Activity: Stamping as a form of printmaking. A quick, cheap, and easy way for all ages to create personal stamps out of wood and foam.
Materials: Variety of sizes, colors, and kinds of paper to stamp on, stamp pads, ¼ to ½ inch foam cut into squares, printing ink or paint, wood bases, foam sheets, glue sticks (may not be needed, if foam has adhesive back), scissors, fancy scissors, hole punches & pencils
Cut wood stamp bases no bigger than 4” no smaller than 2 ½”. (Any type of wood will do, even balsa wood.)
Cut foam into pieces no bigger than 3” no smaller than 1 ½”. Scraps work well too!
Apply printing ink/paint to foam squares and spread into foam to act as stamp pad.
To make a stamp: Choose a wood base and trace the base onto a piece of foam. This shows how big your stamp can be. Keep in mind a printed stamp is a mirror image of your design. (Letters would need to be put on backwards on the stamp to make a correct print.) Cut design out of foam. You can draw a design on the foam, but small details will be hard to cut and may not show up when you use your stamp. Alternately, students can trace over their drawing, pressing hard enough to make indentations in the foam. These indentations will not pick up ink, making their drawn lines the negative part of the stamped image. Glue foam pieces onto level side of wood base, unless they have a foam backing, in which case you can simply remove the backing and adhere the pieces to the wood base.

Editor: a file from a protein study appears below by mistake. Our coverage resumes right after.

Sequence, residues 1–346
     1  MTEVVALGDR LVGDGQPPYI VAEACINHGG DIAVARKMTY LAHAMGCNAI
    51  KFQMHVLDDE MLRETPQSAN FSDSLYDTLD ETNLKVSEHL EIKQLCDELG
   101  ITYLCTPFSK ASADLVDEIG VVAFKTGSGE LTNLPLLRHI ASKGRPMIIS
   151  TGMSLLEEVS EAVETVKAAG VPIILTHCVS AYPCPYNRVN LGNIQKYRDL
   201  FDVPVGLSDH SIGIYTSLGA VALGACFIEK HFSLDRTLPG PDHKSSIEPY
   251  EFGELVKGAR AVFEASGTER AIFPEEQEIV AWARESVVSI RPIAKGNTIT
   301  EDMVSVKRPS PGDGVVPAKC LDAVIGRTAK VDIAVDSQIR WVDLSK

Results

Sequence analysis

Note: If students would like to change to a different color of ink, they should dab their stamp face with a wet paper towel/cloth. Immersing in water will cause the foam to come off of its base.
Possible One-Day Lesson Plan:
Lesson Plan based on having students create a stamp that is a personal symbol. Discussing symbols, and how one might characterize or represent themselves in the creation of a small symbol stamp. Using muslin fabric to create personal banners. Each student would get a narrow strip (about 3 inches across) of muslin. This banner would offer the opportunity to interact with their fellow students and collect a print of each student’s symbol. A class banner of symbols may also be created and hung in the classroom or school on a larger piece of fabric.